Dissertations and theses reflect the quality and breadth of original graduate research at universities, and are often the first form in which scholarly insights and the results of focused experiments appear. They reveal trends of interest, the rigor of particular departments and institutions, and the creativity of researchers whose influence is still unknown.
Access to dissertations depends on a complex, decentralized economy of innumerable currencies. Some universities provide copies free of charge, some will only lend a circulating copy. Some make copies for free, some for a fee, and others only if the requestor can supply written permission from the author (no easy task). Some provide open access, (some requiring an electronic use agreement and some not), some through ILL or document delivery, and some through digital services. Some universities participate in national programs providing digitization services (with exceptions) and some seem to have no point of contact at all (unless an email found through a web search can be considered reliable).
The challenge CRL faces in gaining access goes beyond understanding which currency to use where; CRL aims to create a simple, seamless exchange between author and potential reader with a minimum of delay in the process.
CRL holds more than 800,000 doctoral dissertations and Habilitationsschriften from universities outside of the U.S. and Canada. The collection was built by deposits from member libraries and exchange or depository arrangements with almost 100 universities.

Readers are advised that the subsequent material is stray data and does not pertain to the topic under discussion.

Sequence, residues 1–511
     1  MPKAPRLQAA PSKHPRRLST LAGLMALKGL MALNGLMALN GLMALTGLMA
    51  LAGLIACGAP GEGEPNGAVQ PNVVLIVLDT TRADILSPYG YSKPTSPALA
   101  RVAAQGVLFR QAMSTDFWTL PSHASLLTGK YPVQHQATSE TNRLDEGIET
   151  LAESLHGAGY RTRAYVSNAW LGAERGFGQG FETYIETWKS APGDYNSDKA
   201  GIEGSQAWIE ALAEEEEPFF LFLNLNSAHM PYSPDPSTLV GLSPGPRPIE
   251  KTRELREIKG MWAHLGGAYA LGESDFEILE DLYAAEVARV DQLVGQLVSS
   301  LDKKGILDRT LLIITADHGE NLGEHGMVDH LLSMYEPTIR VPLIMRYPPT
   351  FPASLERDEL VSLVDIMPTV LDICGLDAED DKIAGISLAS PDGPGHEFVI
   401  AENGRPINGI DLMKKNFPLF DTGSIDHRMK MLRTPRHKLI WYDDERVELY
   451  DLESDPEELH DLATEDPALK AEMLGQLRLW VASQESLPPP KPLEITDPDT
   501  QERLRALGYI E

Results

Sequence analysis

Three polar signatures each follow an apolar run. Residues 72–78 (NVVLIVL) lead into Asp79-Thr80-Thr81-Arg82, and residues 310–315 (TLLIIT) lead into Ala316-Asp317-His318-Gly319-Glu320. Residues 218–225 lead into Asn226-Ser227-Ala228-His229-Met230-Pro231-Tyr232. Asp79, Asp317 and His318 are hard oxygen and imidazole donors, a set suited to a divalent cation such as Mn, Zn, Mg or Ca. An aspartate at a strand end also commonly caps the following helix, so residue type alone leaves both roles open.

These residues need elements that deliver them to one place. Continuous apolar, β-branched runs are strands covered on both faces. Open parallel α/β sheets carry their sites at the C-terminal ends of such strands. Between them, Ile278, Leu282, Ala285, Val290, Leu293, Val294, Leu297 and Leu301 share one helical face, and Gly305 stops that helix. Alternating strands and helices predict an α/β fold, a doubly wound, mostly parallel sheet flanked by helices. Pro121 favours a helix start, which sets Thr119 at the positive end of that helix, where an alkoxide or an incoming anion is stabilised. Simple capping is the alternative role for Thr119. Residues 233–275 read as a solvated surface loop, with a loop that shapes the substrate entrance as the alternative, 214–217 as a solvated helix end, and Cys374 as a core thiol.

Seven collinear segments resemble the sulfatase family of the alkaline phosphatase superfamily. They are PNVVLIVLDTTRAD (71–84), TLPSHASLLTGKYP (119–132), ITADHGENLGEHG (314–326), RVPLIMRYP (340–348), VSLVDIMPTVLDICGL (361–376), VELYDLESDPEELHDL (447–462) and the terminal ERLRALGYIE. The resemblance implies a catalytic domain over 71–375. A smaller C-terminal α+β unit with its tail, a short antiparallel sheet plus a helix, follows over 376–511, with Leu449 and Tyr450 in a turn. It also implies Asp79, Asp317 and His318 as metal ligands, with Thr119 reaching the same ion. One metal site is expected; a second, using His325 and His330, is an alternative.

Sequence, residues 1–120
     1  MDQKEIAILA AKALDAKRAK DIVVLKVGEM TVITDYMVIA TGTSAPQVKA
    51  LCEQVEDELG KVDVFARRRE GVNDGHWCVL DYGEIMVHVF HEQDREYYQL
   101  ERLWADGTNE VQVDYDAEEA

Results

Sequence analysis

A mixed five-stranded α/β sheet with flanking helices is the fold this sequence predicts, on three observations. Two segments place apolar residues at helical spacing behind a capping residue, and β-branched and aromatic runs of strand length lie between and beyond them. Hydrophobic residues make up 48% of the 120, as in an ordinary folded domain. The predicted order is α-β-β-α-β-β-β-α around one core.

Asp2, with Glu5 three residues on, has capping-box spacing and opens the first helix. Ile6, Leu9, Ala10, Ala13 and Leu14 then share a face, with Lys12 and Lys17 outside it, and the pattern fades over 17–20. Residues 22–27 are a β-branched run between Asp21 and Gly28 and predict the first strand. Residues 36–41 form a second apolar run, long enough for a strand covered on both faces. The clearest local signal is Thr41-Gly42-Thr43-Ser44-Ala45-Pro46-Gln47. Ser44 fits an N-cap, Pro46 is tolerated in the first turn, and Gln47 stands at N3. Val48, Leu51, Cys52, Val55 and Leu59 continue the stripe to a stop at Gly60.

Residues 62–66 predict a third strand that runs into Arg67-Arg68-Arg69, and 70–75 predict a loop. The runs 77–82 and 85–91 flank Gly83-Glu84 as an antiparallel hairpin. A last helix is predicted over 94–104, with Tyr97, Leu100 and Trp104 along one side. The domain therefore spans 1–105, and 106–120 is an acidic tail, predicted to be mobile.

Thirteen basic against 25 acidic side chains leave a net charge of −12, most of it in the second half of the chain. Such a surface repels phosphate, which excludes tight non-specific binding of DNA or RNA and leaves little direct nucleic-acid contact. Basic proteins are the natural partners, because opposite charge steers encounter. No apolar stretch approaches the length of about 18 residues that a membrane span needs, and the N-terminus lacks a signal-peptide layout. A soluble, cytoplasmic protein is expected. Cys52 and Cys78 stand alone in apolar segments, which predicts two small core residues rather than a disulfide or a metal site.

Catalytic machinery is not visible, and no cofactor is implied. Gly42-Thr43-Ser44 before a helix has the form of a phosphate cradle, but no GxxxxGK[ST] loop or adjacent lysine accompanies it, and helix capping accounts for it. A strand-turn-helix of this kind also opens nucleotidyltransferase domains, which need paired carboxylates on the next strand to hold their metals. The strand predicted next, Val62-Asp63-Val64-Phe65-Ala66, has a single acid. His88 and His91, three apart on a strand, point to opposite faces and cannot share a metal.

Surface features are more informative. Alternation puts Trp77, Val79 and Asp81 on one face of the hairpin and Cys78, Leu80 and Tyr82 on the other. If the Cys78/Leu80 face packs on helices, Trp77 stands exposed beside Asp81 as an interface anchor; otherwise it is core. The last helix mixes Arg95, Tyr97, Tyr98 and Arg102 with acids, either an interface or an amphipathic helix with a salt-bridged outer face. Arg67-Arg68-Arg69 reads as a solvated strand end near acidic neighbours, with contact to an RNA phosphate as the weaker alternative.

Current acquisitions and services focus on purchasing dissertations through CRL’s purchase programs, acquisitions through deposit or exchange agreements and providing members with information about open-access dissertations.
- Most were written in the late 19th century and the early 20th century, but dates range from 1800 to the present.
- Most are from countries in Western Europe, such as Germany, Netherlands, France, Switzerland, Denmark, Norway, Sweden, and the United Kingdom. Many are from other countries in Europe and Latin America, South America, and Africa.
- More than 80 languages are represented in the collection. The breakdown of languages is: 66 percent German; 16 percent French; 6 percent English; 2 percent Dutch; 1 percent Latin and Swedish; and less than 1 percent for other languages.
- Contains about 120 dissertations by nobel laureates and numerous other notable scholars. All of the nobel laureates dissertations are digitized and a sizable portion of the notable scholars dissertations are digitized as well.
Finding dissertations in the CRL collection:
All dissertations can be most easily searched in the dissertation scope of the CRL catalog, which has drop-down searches for country and university. This Google Map shows location for dissertations owned by CRL and includes catalog links for the dissertations.
Digitized or electronic dissertations:
CRL’s digitization-on-demand service has digitized over 3,000 dissertations from CRL’s collection. The number of dissertations digitized from the collection continues to grow and can be searched via CRL’s catalog digital resources scope.